Integrating digital music libraries
In order to answer research questions, musical heritage scholars need to combine diverse datasets ranging from music scores, audiovisual material to metadata. They need to identify similar entities and concepts implicitly present in the data, across different collections in different institutions.
This process is currently mainly conducted manually and in isolation, with the diverse results being rarely connected and shared in a way to be easily reused. To overcome the burden of this manual task, this pilot will focus on revealing and make compatible the entities and concepts hidden in digital music libraries and audiovisual archives.
To further promote the level of linkage among heterogenous collections, state-of-the-art methods for computational music analysis will be employed to establish connections between musical objects, thereby opening new paths for the investigation of music-related data.
European musical heritage consists of a large variety of archival objects such as music scores represented in diverse formats, audio recordings, live performances, videos, physical objects, and so forth. These are typically organised in collections with a national, regional, or thematic focus, each described using their own set of metadata based on specific ontologies and vocabularies. As a result, many of these collections exist in isolation of each other, which in turn diminishes the impact and the potential reuse of such unique contributions across several domains and use cases.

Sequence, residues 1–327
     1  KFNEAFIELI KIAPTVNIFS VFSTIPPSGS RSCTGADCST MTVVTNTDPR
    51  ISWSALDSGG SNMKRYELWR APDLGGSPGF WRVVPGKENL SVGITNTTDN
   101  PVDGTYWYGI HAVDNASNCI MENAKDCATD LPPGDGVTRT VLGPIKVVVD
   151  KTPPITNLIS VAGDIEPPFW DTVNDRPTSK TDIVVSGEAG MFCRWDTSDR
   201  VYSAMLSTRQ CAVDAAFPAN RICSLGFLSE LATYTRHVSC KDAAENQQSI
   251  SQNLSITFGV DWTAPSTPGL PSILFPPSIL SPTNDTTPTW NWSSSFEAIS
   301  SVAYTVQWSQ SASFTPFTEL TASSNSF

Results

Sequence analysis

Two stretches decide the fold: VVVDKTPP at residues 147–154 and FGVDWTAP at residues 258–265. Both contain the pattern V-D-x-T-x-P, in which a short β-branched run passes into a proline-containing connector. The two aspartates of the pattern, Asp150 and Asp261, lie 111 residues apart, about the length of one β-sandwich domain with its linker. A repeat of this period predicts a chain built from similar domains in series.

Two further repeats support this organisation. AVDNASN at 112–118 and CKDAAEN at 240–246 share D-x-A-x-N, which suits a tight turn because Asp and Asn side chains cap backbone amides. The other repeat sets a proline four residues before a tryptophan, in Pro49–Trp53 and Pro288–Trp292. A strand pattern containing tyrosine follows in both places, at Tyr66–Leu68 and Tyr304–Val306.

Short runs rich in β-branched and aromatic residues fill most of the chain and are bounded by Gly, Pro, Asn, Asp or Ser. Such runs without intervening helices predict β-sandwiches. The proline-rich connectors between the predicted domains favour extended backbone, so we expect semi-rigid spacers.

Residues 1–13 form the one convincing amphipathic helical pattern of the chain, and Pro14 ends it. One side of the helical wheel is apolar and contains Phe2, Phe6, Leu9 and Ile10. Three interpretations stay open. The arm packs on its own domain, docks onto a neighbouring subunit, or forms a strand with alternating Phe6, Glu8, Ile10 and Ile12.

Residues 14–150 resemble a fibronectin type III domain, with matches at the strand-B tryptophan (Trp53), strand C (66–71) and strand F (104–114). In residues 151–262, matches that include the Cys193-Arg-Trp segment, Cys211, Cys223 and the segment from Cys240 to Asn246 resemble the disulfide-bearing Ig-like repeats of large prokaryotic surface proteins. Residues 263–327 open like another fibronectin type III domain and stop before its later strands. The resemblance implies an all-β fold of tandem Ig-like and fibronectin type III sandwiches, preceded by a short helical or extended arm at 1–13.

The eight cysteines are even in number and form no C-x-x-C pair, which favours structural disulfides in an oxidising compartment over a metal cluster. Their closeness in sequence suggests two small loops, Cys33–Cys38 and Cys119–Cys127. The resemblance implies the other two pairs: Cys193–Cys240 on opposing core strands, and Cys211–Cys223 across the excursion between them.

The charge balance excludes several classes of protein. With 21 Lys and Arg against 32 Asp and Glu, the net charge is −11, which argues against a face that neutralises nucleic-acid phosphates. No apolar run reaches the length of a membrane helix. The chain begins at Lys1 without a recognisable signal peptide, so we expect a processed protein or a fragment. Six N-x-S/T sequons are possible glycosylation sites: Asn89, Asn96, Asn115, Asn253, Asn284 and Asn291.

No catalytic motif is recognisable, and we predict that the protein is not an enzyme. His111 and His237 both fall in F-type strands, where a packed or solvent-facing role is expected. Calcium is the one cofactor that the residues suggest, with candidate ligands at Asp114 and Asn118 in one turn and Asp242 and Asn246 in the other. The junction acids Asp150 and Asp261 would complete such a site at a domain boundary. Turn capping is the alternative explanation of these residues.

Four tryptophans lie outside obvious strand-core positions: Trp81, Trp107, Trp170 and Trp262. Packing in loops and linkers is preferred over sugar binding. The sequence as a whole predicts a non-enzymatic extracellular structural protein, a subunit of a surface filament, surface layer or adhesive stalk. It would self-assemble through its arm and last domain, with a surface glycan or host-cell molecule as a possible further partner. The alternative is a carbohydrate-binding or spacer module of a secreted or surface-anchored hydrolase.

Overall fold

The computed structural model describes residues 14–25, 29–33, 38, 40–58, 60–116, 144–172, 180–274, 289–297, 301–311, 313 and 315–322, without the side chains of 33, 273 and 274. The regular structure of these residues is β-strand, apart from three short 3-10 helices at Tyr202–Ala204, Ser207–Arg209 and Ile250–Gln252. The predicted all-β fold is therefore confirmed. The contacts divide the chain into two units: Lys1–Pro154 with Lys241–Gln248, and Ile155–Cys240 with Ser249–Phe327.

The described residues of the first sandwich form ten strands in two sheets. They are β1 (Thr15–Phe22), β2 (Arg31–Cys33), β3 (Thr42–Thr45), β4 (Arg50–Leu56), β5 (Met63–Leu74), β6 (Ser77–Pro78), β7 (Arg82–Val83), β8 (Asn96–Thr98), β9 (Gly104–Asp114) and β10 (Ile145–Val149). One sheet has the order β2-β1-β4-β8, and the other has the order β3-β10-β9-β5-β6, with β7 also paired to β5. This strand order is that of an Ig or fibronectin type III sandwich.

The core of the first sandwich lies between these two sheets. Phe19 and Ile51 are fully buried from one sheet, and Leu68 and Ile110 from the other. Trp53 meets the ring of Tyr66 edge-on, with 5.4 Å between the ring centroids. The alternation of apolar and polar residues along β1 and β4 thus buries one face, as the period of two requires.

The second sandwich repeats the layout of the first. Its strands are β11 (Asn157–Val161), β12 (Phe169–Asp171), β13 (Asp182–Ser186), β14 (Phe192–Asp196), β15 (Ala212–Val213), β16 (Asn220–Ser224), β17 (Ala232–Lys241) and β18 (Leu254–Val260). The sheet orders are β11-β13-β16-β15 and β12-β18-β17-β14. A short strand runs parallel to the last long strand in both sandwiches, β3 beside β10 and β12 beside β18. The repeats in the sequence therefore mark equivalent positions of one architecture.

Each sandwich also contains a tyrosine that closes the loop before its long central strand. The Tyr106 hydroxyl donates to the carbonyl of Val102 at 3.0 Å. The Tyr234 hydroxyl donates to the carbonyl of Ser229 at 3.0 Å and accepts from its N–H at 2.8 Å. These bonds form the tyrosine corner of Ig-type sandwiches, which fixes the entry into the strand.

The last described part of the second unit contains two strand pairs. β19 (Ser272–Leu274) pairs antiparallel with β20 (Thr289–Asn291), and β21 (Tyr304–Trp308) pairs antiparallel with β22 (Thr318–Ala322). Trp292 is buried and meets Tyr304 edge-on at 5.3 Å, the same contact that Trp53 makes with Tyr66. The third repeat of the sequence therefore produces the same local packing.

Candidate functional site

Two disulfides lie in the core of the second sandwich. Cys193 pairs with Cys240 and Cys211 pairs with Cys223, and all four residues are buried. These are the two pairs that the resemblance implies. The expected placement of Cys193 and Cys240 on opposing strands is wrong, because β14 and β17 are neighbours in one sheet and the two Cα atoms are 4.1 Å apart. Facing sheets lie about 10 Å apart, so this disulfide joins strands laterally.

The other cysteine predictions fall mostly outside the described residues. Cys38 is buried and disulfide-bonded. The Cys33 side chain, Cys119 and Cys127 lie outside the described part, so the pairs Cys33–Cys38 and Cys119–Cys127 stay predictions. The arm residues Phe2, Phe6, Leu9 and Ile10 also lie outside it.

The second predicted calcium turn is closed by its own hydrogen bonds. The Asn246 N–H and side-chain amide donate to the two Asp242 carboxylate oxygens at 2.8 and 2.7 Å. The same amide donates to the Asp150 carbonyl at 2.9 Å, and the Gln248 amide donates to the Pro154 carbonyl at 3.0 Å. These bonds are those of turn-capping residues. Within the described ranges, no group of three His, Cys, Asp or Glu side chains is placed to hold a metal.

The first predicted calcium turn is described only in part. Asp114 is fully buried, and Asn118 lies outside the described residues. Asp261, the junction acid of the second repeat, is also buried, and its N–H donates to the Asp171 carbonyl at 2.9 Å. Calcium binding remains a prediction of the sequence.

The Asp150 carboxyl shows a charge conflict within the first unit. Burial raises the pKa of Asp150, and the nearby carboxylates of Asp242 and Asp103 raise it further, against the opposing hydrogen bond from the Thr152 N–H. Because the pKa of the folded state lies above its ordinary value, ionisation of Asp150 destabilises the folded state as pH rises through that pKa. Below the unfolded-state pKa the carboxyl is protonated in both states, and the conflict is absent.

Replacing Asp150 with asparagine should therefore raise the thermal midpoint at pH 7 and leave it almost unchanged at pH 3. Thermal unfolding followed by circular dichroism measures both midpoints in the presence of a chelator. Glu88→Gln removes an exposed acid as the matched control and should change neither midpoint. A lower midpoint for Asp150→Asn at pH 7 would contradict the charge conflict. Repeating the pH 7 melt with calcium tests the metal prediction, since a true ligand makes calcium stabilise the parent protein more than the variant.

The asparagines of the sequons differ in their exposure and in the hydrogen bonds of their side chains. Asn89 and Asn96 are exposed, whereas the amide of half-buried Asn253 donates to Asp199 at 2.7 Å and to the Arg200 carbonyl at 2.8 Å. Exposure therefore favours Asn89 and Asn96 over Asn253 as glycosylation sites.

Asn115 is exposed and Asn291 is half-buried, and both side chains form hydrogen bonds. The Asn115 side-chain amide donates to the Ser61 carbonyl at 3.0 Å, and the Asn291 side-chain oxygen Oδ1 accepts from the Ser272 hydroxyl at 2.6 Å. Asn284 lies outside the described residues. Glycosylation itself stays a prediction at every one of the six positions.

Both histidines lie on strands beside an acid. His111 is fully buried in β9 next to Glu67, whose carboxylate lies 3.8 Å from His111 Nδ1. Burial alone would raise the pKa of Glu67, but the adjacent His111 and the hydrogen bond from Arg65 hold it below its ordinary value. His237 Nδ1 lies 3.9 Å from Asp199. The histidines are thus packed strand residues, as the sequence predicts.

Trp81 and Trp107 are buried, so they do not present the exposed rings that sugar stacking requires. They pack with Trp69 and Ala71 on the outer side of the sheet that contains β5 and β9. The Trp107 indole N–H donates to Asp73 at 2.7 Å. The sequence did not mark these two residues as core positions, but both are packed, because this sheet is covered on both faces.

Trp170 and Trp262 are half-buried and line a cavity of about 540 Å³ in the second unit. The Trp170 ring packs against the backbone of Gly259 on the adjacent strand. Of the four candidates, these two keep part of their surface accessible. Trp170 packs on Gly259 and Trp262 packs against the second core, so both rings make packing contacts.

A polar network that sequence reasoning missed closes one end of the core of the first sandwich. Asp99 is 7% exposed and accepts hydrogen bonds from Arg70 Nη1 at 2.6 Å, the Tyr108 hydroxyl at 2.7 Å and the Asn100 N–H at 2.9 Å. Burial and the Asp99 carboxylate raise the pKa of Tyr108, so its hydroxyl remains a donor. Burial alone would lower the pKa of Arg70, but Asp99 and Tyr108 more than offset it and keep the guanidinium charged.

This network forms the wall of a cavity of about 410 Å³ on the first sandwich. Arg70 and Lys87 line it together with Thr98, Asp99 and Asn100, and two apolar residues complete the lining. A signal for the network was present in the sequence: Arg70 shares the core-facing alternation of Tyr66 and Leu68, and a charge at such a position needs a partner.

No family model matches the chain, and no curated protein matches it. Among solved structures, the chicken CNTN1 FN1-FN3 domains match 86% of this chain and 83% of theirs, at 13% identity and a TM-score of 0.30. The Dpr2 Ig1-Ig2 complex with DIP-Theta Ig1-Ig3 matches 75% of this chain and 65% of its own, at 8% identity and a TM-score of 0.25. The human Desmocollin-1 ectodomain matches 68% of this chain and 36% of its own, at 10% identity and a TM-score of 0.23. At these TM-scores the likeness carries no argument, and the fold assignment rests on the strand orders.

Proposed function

Indeed, for any potential user of these collections, whether this is a curator, researcher, instructor or someone from the creative industries, the actual relations between such datasets are highly relevant. Compositions, performances, audio and video recordings, lyrics, melody lines: these all intersect across borders both national and institutional.
The Interlink pilot aims to provide tools and services that facilitate researchers and curators to establish such links and, by doing so, enabling a story-telling space across different sources, time and space. Users will thus be able to navigate music-related collections as if their elements all belong to the same information pool, and explore their content in a way that promotes their interoperability despite their original focus. In addition, a dense linking level among the comparable musical items will be established based on the similarities that can be inferred from both the musical surface (tonal and rhythmic complexity, structural similarities, etc.) and the descriptional level (e.g., metadata). By creating a dense level of linkage among musical items, the pilot aims at increasing the degree of connection among the different collections, thereby unveiling new paths in the resulting knowledge graphs.
To make this possible, the pilot will exploit various components of the Polifonia ecosystem. A registry for datasets can be queried by users to establish which collections are most relevant for their use case. Various ontologies, specific to a certain type of collection, can also be used to increase interoperability when needed. Alignments between vocabularies will define new links between the various collections. Furthermore, to create the dense linking among musical items, state-of-the-art methods for computational analysis of music will be employed and complemented with algorithms specifically designed for the Polifonia ecosystem.
Jacopo de Berardinis